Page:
While it's too soon to tell how a U.S. Supreme Court decision in June 2018 will affect union rolls in New Jersey, a report released Wednesday shows public sector union membership in the state has climbed significantly over the years as private sector union membership moved in the opposite direction.

Using data from January 2017 through June 2018, the report by the Labor Education Action Research Network at Rutgers School of Management and Labor Relations finds 61 percent of the state's public workers belong to a union, compared to 34 percent nationally. In the private sector, just 8 percent of workers are unionized.

Between 1988 and 2018, the report finds, the tally of government-employee union members increased by 25 percent; private sector union membership fell 43 percent during that same period.

"When workers are allowed to have the freedom to choose whether they'd like to have a union or not, you see a much higher rate of workers in a union," SMLR Postdoctoral Associate Todd Vachon told New Jersey 101.5. "Public sector employers are less likely to resist unionization drives, whereas employers in the private sector are very hostile to unionization efforts."

Wage earners want unions, and the public generally supports them, Vachon added.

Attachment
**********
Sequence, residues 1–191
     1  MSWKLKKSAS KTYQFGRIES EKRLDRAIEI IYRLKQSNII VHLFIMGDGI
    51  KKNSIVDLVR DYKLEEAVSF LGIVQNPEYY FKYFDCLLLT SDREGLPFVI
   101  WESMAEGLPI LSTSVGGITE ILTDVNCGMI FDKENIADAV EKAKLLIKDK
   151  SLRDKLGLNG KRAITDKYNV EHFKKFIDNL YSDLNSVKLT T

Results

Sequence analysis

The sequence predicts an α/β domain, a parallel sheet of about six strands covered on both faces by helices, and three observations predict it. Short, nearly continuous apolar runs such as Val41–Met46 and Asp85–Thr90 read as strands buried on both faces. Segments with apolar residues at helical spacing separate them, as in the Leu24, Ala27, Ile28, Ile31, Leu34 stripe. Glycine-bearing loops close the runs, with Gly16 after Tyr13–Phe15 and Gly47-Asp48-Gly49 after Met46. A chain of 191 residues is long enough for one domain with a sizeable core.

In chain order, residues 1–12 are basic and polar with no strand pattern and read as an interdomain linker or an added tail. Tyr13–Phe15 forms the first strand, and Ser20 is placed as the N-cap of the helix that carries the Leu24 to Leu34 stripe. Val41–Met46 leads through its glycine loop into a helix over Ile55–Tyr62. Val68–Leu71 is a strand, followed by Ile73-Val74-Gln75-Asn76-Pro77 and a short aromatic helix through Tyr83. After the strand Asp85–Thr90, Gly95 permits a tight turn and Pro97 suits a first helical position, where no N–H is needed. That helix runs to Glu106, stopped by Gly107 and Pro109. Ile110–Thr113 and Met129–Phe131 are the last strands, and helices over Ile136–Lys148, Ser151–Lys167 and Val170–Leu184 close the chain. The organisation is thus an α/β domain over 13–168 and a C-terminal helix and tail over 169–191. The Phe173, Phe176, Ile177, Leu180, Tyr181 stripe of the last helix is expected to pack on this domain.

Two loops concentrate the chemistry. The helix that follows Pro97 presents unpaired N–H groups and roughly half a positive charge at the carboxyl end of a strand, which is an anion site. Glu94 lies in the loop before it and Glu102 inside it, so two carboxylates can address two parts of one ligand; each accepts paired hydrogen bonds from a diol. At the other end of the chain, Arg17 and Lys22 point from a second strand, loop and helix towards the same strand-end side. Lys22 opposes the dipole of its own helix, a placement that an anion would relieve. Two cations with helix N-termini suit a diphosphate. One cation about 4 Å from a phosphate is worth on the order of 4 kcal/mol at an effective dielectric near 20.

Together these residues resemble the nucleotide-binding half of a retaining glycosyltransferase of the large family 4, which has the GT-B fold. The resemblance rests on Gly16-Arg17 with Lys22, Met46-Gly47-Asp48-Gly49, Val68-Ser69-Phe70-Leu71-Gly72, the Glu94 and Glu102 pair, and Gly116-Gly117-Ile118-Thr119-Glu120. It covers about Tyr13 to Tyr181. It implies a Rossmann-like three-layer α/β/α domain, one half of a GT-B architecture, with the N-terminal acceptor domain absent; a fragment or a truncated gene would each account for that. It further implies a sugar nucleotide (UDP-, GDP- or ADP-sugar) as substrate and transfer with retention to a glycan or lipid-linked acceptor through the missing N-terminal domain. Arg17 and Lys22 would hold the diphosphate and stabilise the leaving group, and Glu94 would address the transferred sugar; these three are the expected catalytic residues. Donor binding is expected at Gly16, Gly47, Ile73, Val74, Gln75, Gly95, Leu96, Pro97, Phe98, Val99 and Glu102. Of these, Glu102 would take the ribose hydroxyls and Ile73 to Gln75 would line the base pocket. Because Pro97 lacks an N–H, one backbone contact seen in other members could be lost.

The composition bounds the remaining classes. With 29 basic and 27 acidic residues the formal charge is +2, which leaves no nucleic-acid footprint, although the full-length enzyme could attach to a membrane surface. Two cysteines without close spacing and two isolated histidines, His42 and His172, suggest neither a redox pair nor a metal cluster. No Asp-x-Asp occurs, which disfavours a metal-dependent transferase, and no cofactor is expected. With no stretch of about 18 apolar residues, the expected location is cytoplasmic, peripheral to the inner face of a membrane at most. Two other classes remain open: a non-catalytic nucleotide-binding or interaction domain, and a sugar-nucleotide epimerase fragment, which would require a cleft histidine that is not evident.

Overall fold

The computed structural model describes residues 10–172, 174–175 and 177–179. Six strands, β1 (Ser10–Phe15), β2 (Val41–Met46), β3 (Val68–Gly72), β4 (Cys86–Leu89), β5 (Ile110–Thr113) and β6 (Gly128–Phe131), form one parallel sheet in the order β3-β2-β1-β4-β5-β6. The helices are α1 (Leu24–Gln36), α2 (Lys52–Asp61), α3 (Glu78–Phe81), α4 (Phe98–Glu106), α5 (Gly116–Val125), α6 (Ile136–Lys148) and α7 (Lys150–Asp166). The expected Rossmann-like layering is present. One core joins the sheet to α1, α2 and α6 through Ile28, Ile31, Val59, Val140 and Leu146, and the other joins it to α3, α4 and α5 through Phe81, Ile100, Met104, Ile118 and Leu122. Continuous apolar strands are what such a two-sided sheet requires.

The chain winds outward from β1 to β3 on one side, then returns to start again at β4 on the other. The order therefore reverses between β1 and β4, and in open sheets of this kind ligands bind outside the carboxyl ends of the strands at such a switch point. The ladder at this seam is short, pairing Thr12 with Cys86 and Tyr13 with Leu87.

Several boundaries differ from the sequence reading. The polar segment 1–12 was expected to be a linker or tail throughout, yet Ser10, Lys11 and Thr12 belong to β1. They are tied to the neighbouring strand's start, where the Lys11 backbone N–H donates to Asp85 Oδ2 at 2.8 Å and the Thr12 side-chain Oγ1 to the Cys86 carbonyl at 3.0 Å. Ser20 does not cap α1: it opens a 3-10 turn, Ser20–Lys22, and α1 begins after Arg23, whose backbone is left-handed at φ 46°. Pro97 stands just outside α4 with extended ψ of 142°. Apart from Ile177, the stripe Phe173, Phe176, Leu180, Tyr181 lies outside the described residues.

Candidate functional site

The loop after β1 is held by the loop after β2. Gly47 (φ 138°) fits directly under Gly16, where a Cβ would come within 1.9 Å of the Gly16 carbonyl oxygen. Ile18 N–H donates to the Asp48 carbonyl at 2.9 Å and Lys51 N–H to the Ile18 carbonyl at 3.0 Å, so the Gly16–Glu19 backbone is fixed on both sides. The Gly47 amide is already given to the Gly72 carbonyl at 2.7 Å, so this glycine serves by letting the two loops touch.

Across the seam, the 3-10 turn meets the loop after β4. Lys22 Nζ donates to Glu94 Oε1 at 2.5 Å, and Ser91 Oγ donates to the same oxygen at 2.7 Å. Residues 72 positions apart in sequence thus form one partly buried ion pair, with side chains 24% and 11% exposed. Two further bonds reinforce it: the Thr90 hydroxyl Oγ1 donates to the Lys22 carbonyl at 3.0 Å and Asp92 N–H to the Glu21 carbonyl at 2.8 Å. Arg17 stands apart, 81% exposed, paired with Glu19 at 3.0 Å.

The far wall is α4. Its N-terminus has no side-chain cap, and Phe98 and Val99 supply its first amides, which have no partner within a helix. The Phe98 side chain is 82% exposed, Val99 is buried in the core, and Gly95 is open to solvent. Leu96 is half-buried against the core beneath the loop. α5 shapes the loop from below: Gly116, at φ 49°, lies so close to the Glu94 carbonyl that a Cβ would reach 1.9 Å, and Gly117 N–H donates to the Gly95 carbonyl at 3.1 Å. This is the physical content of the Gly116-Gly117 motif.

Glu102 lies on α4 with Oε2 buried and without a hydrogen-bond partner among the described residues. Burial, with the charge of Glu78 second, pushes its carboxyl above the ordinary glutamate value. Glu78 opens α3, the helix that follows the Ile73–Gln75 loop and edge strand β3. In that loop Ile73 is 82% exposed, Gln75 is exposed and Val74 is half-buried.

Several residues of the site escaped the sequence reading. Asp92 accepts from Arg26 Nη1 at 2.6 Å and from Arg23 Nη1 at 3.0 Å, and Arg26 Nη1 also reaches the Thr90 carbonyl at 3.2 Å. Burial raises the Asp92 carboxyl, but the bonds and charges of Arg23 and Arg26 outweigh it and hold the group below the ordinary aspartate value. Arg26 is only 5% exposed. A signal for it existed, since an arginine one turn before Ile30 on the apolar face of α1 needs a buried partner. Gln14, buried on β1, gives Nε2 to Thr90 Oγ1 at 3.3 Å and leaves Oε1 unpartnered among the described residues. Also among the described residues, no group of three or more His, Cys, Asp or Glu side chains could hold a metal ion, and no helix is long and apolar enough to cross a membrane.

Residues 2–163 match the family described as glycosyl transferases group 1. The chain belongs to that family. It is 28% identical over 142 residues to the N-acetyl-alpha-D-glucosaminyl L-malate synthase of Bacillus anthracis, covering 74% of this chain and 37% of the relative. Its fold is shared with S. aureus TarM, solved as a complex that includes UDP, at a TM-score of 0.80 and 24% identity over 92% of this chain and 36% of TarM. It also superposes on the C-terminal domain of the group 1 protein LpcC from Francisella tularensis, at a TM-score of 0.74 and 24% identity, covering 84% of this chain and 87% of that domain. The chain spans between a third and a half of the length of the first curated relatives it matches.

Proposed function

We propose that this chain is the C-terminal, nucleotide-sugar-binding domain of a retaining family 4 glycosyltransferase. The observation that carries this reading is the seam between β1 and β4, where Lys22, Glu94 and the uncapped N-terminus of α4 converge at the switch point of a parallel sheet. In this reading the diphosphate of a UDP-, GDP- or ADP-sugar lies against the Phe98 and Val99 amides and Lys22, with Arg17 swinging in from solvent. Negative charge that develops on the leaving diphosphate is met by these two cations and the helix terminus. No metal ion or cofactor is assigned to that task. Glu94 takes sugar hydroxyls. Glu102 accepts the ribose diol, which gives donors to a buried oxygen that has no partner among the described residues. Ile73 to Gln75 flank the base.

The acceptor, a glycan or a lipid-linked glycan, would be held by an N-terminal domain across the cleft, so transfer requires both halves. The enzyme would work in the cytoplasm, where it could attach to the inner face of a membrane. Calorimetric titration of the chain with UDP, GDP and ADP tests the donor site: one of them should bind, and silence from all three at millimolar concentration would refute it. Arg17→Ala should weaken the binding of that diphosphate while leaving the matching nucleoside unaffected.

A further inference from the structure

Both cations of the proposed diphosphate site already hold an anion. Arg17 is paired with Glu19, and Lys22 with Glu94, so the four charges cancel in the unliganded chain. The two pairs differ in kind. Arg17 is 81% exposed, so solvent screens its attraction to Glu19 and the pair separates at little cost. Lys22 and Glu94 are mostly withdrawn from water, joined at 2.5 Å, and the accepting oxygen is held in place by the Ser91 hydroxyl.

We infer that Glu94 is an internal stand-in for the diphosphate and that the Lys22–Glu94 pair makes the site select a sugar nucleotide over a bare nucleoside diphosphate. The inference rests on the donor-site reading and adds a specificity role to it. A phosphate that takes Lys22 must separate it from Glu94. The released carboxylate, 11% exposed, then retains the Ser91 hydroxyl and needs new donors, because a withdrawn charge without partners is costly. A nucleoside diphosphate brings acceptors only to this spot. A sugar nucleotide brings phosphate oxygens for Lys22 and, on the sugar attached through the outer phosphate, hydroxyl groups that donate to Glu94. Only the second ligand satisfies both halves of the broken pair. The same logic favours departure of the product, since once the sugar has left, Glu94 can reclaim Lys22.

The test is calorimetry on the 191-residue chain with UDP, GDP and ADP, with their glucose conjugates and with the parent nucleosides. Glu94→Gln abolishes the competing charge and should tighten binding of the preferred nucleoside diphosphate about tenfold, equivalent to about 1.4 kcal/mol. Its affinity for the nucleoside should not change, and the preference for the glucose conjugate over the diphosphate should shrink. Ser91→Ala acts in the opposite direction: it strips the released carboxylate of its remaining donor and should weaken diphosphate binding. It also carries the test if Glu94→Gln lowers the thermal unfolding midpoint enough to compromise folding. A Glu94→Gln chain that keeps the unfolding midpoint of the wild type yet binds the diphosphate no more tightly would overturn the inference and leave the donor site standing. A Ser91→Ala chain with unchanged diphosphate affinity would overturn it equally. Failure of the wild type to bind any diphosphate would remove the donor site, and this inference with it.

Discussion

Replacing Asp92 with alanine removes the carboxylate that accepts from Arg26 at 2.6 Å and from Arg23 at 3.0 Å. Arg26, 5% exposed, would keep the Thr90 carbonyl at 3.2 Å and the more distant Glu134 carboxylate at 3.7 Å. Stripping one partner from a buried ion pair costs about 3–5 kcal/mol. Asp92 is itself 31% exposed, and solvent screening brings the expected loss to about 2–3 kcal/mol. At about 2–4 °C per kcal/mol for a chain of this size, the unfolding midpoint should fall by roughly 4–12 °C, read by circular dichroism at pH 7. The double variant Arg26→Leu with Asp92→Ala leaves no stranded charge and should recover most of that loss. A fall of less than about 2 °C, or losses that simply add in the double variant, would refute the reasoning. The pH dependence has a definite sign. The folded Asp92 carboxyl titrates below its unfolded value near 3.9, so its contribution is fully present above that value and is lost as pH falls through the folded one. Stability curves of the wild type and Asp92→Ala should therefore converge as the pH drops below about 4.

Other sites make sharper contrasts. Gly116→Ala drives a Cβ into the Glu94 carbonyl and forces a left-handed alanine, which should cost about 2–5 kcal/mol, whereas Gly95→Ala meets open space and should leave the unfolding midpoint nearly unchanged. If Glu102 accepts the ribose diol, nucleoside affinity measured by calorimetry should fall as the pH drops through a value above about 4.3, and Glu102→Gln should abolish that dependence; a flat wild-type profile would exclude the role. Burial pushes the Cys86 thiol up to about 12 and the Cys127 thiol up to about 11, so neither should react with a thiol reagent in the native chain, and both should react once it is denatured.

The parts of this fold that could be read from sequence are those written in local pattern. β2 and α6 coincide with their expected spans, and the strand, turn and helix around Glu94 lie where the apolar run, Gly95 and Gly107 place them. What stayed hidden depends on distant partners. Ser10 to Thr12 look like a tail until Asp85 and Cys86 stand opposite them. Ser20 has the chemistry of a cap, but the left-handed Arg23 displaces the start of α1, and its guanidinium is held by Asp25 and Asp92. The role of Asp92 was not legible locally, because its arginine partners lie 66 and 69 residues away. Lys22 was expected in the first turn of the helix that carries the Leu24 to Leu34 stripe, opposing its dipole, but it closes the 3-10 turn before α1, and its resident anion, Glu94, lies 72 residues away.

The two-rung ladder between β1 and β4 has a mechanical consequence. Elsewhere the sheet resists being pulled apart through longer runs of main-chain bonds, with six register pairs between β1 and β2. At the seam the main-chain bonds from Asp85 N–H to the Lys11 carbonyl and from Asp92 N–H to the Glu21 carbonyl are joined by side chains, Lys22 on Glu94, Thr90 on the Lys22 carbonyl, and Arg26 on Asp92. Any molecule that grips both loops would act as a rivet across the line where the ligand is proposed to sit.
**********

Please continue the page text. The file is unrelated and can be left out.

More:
The "one bright spot" in New Jersey's private sector, Vachon said, is the construction industry. Unionization rates in the field have grown to 37 percent. Construction workers earn an average of about $60,000 per year, considerably more than other non-unionized blue-collar occupations.

"Wages have been stagnant for the middle class since the late 70s, and that's often attributed to the decline of unions in the private sector," Vachon said.

The report provides a baseline for measuring the impact of the June 27, 2018 Supreme Court decision that government workers can enjoy the benefits of the union without being forced to pay union dues.

Vachon said 2018 union membership data scheduled to be released Friday by the federal government likely won't be reflective of the court's decision.

"We'll need a whole year of data to really see what happened before and after that ruling," he said.

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